The company uses the motto “Food with Integrity” as an endorsement of the “hardworking producers who invest in raising quality beef supported by industry-led integrity systems.”
In a blog featuring this week on Huffingtonpost.com, Mr Ells said when deciding which ingredients to source, the company’s internal discussions considered many factors including taste, animal welfare, farming practices, supply quantity, price and location.
“We’re always trying to find what we consider to be the best ingredients by balancing these factors. For some ingredients, finding the best source is easy. In other cases, like beef, it can be quite complex — the right answer isn’t always obvious,” he said.
“When it comes to beef, for one thing, there are many different ways to raise cattle – from conventional (with antibiotics and hormones) to the higher standards we require for our Responsibly Raised brand beef (without antibiotics and hormones), and from grain-finished to entirely grass-fed cattle.”
Mr Ells said Chipotle had had great success serving the premium beef it called ‘Responsibly-Raised’, which is produced according to high standards requiring, among other things, that animals be raised without hormones or antibiotics.
“But lately, we have been wrestling with a particularly vexing issue. Over the last five years, as our restaurant count has grown from 800 to more than 1600, so has our demand for all of the ingredients we use.
“We have helped numerous meat farmers convert from conventional production methods to the more responsible models we prefer. Nevertheless, sometimes the existing supply of the meats we serve is unable to meet our growing demand.”
On occasions when the company has been unable to secure sufficient quantities of a particular ‘Responsibly Raised’ meat, it has temporarily replaced it with a conventionally-raised alternative — informing customers about the substitution with signage in restaurants.
“This has been the case recently with the beef we serve, as the size of the total US cattle herd has shrunk to its lowest point in more than 60 years,” Mr Ells said.
“Rather than serve conventionally raised beef, we recently began sourcing supplies from ranches in Southern Australia, which is among the very best places in the world for raising beef cattle entirely on grass,” he said.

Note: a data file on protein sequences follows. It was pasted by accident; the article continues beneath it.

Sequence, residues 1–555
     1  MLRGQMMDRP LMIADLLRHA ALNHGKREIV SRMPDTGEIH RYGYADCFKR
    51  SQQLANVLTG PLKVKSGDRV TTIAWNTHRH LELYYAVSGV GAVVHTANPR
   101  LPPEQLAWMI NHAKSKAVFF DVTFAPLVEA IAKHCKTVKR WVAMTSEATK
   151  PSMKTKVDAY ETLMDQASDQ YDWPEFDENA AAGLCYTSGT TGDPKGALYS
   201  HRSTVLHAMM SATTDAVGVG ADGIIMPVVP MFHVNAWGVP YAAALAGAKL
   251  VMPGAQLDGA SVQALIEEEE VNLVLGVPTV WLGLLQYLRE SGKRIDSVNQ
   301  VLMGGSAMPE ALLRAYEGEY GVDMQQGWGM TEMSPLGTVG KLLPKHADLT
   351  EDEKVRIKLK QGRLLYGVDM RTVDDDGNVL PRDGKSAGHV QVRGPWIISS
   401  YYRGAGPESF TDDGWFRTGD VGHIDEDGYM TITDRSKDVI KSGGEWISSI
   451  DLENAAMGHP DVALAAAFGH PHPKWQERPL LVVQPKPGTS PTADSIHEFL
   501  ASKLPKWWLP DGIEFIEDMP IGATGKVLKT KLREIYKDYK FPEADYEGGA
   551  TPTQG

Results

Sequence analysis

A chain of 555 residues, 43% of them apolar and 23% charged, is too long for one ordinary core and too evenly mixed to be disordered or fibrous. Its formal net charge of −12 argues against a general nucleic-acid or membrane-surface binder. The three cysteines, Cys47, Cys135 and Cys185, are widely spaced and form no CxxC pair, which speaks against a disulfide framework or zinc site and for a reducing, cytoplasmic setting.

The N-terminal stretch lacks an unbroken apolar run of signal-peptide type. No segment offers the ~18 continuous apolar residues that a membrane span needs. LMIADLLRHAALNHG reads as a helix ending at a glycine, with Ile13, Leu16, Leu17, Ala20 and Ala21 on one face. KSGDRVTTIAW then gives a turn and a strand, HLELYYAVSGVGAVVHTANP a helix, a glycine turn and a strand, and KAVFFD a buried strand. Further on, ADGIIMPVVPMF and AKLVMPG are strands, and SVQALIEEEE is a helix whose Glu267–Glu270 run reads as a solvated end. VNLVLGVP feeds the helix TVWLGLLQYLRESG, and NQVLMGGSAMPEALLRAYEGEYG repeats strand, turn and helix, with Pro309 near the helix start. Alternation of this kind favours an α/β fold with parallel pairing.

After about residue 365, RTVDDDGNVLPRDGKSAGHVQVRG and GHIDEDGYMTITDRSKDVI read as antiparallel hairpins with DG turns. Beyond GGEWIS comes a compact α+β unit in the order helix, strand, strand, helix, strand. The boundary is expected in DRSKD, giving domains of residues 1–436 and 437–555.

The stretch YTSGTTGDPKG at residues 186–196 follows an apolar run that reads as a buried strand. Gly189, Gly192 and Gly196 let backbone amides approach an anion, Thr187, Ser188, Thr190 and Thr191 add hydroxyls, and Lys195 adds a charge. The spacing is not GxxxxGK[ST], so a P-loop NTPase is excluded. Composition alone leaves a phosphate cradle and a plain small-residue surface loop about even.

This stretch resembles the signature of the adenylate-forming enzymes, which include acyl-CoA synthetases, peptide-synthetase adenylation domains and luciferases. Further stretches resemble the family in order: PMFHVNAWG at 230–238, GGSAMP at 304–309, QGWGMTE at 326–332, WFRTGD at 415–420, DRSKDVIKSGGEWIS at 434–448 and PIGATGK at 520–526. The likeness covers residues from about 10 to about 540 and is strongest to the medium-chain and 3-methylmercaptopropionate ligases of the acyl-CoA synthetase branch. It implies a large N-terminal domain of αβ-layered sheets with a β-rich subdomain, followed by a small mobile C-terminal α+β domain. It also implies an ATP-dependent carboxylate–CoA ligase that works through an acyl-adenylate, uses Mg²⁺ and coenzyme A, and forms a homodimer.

“The meat produced by these ranchers is ‘grassfed’ in the truest sense of the term: the cattle spend their entire lives grazing on pastures or rangelands, eating only grass or forages (by definition, forages are hay and grass-corn is not forage).”
“It meets or exceeds the husbandry standards set forth by the American Grassfed Association, not to mention all of the protocols we apply to our domestic Responsibly Raised beef,” Mr Ells said.
“The cattle are raised without added growth promotants or antibiotics by Australian ranchers committed to humane animal husbandry. Like the domestic beef we serve, our Australian grassfed steak is aged, and never frozen.”
In 2013, Chipotle purchased more than 20,000 tonnes of US domestic ‘Responsibly Raised’ beef, but the US supply wasn’t growing quickly enough to match demand.
“Even though our loyalty to American ranchers is strong, rather than meet the shortfall with conventionally-raised beef from US cattle treated with hormones and antibiotics, we decided to take this opportunity to start sourcing more truly grassfed steak,” he said.
“In addition to expanding our supply of beef raised without HGP or antibiotics, we are particularly excited to be able to serve more beef that comes from cattle raised entirely on grass.”
“We believe that in addition to the simple fact that our Australian grass-fed beef is delicious, serving it is an important step in our never-ending journey to help build a food system based on what we call Food with Integrity. Returning to grass-based farming systems for cattle is a core component of our long-term vision.”
“While we’re purchasing small amounts of grassfed beef from American producers like Missouri’s Rain Crow Ranch, US grassfed beef that meets our standards is simply not produced in sufficient quantities to meet our demand.”
Mr Ells said the transition toward grassfed beef would not happen overnight.
“But we need to start somewhere, and years of research by our purchasing team suggests that Australia is the best place to start sourcing grassfed beef at the scale we need.”